Archive for July 23rd, 2011
Ending a life that was never really lived…
Amy Winehouse, the singer, has been found dead at her home at the age of 27.
Miss Winehouse, who came to fame with her debut album Frank in 2003, was found at her flat in north London this afternoon, the Metropolitan Police have confirmed.
They say that they received a call at 4.05pm calling for help for a woman in Camden. Paramedics were called to the scene, but she was pronounced dead at the scene.
The death is “unexplained” but not thought to be suspicious, according to police. Sources have told the Sunday Mirror that an overdose of drink and drugs is the suspected cause of death…
Miss Winehouse had several bouts of treatment for drink and drugs, the most recent in May. Her 2006 album Back to Black featured a song called Rehab, which documented her drinking problems and refusal to seek help…
Rehab was not enough…
This is the man that has been taken into custody in connection with yesterday’s horrific terror attack in Norway:
And here is more on him:
The Norwegian charged with going on a killing spree in which at least 91 people died is a former member of a populist anti-immigration party who wrote blogs attacking multiculturalism and Islam.
The suspect, detained after 84 people were gunned down at a youth camp and another 7 killed in a bomb attack on Friday, has been identified by Norwegian media as Anders Behring Breivik.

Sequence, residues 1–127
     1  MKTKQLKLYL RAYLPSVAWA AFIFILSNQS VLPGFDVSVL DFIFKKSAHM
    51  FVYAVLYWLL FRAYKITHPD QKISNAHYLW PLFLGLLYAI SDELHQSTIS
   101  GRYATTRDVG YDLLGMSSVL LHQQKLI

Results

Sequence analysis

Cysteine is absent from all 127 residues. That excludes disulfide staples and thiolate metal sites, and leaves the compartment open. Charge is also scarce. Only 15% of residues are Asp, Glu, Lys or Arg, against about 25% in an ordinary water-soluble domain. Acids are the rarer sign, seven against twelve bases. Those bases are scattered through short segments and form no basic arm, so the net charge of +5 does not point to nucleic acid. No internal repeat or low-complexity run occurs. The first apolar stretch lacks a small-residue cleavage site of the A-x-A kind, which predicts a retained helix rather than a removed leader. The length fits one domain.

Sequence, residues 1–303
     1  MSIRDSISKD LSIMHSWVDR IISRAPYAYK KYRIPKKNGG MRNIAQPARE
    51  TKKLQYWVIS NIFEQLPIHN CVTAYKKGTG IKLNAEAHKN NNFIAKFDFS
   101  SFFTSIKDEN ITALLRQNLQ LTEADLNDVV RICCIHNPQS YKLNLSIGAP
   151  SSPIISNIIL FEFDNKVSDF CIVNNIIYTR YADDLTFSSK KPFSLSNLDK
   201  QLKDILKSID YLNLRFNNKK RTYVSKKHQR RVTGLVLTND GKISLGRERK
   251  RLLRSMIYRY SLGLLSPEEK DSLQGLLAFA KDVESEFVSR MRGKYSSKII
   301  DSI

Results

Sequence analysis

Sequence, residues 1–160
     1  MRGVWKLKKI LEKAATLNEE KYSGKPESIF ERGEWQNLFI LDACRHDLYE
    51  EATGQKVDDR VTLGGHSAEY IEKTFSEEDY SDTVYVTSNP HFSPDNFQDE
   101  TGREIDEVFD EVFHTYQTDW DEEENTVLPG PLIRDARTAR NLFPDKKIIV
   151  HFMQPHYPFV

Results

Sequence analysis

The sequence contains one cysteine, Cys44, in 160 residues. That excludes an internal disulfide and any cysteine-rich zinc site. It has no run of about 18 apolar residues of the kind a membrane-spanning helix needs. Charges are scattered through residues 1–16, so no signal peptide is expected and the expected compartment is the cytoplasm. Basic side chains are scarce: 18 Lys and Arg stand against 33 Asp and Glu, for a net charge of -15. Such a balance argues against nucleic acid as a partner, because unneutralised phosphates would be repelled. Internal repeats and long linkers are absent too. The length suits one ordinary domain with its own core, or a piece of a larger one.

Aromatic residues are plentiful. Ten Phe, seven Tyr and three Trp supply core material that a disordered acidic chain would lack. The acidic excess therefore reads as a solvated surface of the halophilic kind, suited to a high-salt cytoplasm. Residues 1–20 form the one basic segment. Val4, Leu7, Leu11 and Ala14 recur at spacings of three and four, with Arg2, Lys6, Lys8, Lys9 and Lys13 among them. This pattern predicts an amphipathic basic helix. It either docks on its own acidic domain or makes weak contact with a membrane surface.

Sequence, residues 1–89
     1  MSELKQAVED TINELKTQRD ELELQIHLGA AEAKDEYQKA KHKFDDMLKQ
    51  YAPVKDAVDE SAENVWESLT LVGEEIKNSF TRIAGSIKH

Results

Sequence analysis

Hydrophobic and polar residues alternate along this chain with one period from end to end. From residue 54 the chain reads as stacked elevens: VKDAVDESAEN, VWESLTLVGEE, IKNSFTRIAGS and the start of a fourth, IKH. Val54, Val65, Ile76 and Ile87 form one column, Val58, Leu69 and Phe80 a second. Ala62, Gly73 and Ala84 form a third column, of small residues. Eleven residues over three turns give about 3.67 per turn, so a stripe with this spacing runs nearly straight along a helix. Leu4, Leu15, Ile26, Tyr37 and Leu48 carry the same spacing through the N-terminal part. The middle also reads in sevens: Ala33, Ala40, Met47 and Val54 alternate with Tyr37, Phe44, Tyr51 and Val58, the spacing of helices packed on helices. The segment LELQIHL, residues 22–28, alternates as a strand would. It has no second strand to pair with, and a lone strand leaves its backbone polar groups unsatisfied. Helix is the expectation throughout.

Website entries under Breivik’s name criticized European policies of trying to accommodate the cultures of different ethic groups, and claimed a significant minority of young British Moslems back radical Islamic militancy.
“When did multiculturalism cease to be an ideology designed to deconstruct European culture, traditions, identity and nation-states?” said one entry, posted on February 2, 2010 on the right-wing website http://www.document.no.
“According to two studies, 13 percent of young British Muslims aged between 15 and 25 support al Qaeda ideology,” said another entry dated February 16 last year.
Police searched an apartment in an Oslo suburb on Friday, but neighbors said the home belonged to Breivik’s mother, whom they described as a nice lady.
Deputy Police Chief Roger Andresen would not speculate on the motives for what was believed to be the deadliest attack by a lone gunman anywhere in modern times. But they said the man in custody had described himself on his Facebook page as leaning toward right-wing Christianity.
Breivik had also been a member of the Progress Party, the second largest in parliament, the party’s head of communications Fredrik Farber said. Breivik was a member from 2004 to 2006 and in its youth party from 1997-2006/2007.
And as Deacon Greg Kandra (HT) rightly asks, is this the new face of terror.
Wikipedia already has a page on Anders Behring Breivik here.
At the same time the Apostolic Nuncio to Norway, Archbishop Paul Tscherrig, has called the attack, madness:
A Norwegian gunman disguised as a police officer shot his victims one by one, claiming at least 84 lives. The massacre at an island youth camp has horrified Norway.
The island tragedy Friday unfolded hours after a massive explosion ripped through a high-rise building housing the prime minister’s office in Oslo, killing seven people.